Zimbabwe’s President Robert Mugabe has submitted his resignation after nearly four decades as the country’s leader.
Mugabe defied demands to step down for almost a week after a military takeover and expulsion from his own ruling ZANU-PF party but stepped down on Tuesday, hours after parliament started an impeachment process.
Cheers broke out in the parliament after speaker Jacob Mudenda read out Mugabe’s resignation letter.
“I Robert Gabriel Mugabe in terms of section 96 of the constitution of Zimbabwe hereby formally tender my resignation … with immediate effect,” said Mudenda, reading the letter.
Mugabe’s letter did not specify who will succeed him. The most likely successor is ex-Vice President Emmerson Mnangagwa, whose sacking on November 6 triggered the turmoil.
The news also sparked scenes of jubilation in the capital, Harare, as people cheered, danced and blared horns to celebrate Mugabe’s departure.
“People are coming out onto the streets, they are calling this day Independence Day,” Al Jazeera’s Haru Mutasa, reporting from Harare, said.
“It’s getting chaotic,” she added. “Some people still can’t believe this has happened. People say they are really excited and hoping for a better future.”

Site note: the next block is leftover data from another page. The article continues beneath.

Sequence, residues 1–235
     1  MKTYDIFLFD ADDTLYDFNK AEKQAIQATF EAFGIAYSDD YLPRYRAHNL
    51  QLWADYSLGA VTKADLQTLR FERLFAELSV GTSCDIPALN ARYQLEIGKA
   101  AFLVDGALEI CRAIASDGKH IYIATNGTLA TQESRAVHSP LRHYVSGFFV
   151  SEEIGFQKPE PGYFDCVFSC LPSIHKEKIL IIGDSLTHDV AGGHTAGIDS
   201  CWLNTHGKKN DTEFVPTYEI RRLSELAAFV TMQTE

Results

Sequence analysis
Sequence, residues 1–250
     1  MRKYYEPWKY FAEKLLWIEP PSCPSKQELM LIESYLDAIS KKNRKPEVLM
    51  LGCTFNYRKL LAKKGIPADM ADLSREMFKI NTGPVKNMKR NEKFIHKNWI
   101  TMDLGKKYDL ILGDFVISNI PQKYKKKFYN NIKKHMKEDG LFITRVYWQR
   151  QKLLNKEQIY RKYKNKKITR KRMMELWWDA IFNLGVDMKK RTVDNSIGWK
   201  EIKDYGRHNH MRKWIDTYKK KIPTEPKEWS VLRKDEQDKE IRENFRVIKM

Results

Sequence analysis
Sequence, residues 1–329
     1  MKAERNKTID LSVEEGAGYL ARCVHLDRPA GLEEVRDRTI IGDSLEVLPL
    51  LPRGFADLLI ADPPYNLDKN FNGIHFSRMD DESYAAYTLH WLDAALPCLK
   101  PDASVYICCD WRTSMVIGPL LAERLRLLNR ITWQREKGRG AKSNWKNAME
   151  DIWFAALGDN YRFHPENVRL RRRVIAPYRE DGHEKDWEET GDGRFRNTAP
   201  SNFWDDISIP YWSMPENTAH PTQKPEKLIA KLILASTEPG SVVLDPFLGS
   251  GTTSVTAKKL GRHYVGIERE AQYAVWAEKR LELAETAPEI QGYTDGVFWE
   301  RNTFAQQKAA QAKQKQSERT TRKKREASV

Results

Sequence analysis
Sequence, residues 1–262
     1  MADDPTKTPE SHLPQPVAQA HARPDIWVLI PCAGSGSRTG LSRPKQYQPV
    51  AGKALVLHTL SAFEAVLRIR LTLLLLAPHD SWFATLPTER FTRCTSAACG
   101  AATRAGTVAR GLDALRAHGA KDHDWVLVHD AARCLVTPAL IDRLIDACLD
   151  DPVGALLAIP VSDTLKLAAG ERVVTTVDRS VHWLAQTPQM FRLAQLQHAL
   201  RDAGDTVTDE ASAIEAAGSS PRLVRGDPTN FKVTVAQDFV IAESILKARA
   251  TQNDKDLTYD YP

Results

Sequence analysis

Mugabe’s resignation terminated the impeachment proceedings initiated by ZANU-PF after its Central Committee voted to dismiss him as party leader.
Mugabe, 93, led Zimbabwe’s fight for independence in the 1970s.
He came to power in 1980 and his 37-year rule was criticised for repression of dissent, election rigging, and for causing the country’s economic collapse.
“Any person who is going to rule Zimbabwe now will have learned a lesson and will not repeat the same things,” Anthony Mutambirwa, a Harare resident, told Al Jazeera after news of Mugabe’s resignation spread.
Mugabe’s resignation letter capped the end of a historic week that saw the military seizing power and tens of thousands of people taking to the streets to demand he stepped down.
The surprise military takeover on November 15 was triggered by Mugabe’s decision earlier this month to sack Vice President Emmerson Mnangagwa, who had been First Lady Grace Mugabe’s main opponent to succeed the veteran leader.
In a rare sign of solidarity between the people and the army, which has often been a pillar of support for Mugabe’s near 40-year rule, tens of thousands of Zimbabweans on Saturday took to the streets to express support for the military’s operation.
“Over the years, the army has been accused of being implicit with Mugabe,” said Al Jazeera’s Mutasa.
“People wanted Mugabe to go, so the only way to do this was to work with the military.”
Victor Chifodya, a former Harare councillor, said he was “overjoyed at the news”.
“Mugabe was a very divisive man but now people from all political parties have come together to make him resign,” he told Al Jazeera.
“I’m so glad – now we can start a new Zimbabwe,” added Chifodya.